PayPal Takes The Court With WNBA’s Phoenix Mercury

PayPal Takes The Court With WNBA's Phoenix Mercury

While the last few years has seen a lot of expansion out of PayPal, it’s latest announcement with the WNBA’s Phoenix Mercury certainly stands out.  The team and PayPal have announced  that PayPal will be the team’s official jersey badge partner.  The Mercury’s jersey from here forward will feature the PayPal logo on the front left shoulder, opposite the Nike logo that appears on the front right.

The new jerseys come as part of a broader PayPal collaboration with Phoenix’s athletic scene. In late fall, the global payments leader announced it would be the official payment partner of the Phoenix Suns, the Phoenix Mercury and Real Club Deportivo Mallorca.

“PayPal has had a significant presence in Arizona and the Phoenix metro area for more than a decade, and we are proud to be the Suns’ first jersey patch partner and work with an organization that is so important to a city and state we also call home,” PayPal’s President and Chief Executive Officer Dan Schulman noted in a release shortly after the partnerships were announced.

According to both PayPal and the team, the new jersey badge partnership speaks to their shared values, particularly around inclusion, collaboration, innovation and opportunity.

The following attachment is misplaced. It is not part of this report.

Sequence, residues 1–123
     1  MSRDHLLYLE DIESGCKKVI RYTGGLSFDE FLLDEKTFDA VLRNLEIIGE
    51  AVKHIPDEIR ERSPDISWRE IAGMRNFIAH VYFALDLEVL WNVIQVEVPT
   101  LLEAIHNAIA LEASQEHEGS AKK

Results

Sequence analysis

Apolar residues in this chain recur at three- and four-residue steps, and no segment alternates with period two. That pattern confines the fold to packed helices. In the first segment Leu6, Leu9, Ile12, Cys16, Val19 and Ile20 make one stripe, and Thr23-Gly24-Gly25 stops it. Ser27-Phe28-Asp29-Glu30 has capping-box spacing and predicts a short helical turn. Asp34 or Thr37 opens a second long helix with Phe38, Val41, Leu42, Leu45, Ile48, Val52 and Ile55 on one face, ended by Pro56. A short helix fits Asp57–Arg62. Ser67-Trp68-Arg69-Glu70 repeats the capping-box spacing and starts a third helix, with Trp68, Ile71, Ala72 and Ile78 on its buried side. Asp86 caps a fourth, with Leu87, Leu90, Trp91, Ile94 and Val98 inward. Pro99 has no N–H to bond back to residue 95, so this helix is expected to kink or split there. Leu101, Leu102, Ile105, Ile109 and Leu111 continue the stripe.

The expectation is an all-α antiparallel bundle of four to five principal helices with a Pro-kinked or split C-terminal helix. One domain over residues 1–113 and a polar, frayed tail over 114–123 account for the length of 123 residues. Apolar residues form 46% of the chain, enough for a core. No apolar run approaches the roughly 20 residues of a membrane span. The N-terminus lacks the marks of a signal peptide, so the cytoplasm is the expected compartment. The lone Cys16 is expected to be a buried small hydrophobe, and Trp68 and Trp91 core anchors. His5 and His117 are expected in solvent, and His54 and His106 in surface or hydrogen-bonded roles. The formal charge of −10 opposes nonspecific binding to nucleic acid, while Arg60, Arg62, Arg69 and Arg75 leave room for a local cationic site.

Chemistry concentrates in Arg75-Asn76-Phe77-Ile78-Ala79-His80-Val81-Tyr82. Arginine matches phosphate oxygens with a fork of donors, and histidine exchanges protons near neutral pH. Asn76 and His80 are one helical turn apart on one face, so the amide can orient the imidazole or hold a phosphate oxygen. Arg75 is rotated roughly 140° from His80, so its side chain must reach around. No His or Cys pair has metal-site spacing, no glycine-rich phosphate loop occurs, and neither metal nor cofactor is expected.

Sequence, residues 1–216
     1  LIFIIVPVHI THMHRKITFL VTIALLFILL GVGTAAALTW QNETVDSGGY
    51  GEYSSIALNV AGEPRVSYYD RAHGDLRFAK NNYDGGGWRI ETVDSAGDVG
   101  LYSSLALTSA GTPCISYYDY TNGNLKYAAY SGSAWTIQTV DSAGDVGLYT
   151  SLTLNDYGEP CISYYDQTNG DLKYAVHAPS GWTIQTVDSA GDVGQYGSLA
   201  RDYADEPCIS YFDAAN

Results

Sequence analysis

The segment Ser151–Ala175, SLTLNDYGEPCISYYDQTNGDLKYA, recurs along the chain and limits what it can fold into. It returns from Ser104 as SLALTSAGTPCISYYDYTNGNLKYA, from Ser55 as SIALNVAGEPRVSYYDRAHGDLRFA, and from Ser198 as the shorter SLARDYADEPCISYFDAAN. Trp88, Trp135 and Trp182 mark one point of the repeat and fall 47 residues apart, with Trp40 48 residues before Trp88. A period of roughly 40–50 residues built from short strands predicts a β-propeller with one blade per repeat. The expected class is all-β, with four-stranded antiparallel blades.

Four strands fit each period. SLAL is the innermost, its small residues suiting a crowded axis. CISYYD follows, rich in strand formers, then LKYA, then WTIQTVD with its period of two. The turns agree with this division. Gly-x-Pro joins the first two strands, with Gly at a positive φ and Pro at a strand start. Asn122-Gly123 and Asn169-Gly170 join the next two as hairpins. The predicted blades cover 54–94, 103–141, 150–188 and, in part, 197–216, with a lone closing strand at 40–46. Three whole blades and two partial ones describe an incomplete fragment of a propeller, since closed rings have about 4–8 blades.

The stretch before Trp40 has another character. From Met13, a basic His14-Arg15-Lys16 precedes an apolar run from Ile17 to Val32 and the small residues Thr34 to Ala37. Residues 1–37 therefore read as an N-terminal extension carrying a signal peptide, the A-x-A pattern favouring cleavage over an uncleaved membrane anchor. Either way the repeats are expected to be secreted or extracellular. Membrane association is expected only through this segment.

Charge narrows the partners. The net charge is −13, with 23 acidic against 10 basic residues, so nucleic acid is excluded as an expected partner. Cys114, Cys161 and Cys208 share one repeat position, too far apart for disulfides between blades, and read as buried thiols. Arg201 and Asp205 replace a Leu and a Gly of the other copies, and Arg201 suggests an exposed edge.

“We are incredibly gratified that a company of PayPal’s global stature and impact values a partnership of this magnitude with our WNBA team,” said Mercury Chief Operating Officer Vince Kozar. “Diversity, inclusion and equality are at the heart of our team’s mission, and we are fortunate to have found a company whose values so closely mirror ours. Our players and fans live that mission every day, so it’s only fitting that our game uniform will feature a PayPal logo and our season ticket members will be known as the PayPal X-Factor.”

PayPal will be the first left shoulder sponsor of the Phoenix Mercury, and will join local sponsor Casino Arizona and Talking Stick Resort on the front of the jersey. The Phoenix Mercury was the first team in the WNBA to sign a sponsor patch deal. Jay Parry, who was the president and COO of the Mercury at the time and later served as COO of the entire WNBA, said those sponsorship deals offered a unique opportunity for both sides by bringing “new ways for brands to connect with our players and our fans and our teams,” reported USA Today.

Enthusiasm for these types of pair-ups in the market, however, has been a bit more muted. “They’re not going to get $20 million a year like the Warriors are getting with Rakuten,” Bob Dorfman, the creative director of Baker Street Advertising, told USA Today. “But again, it’s a way for brands to connect with a sports market.”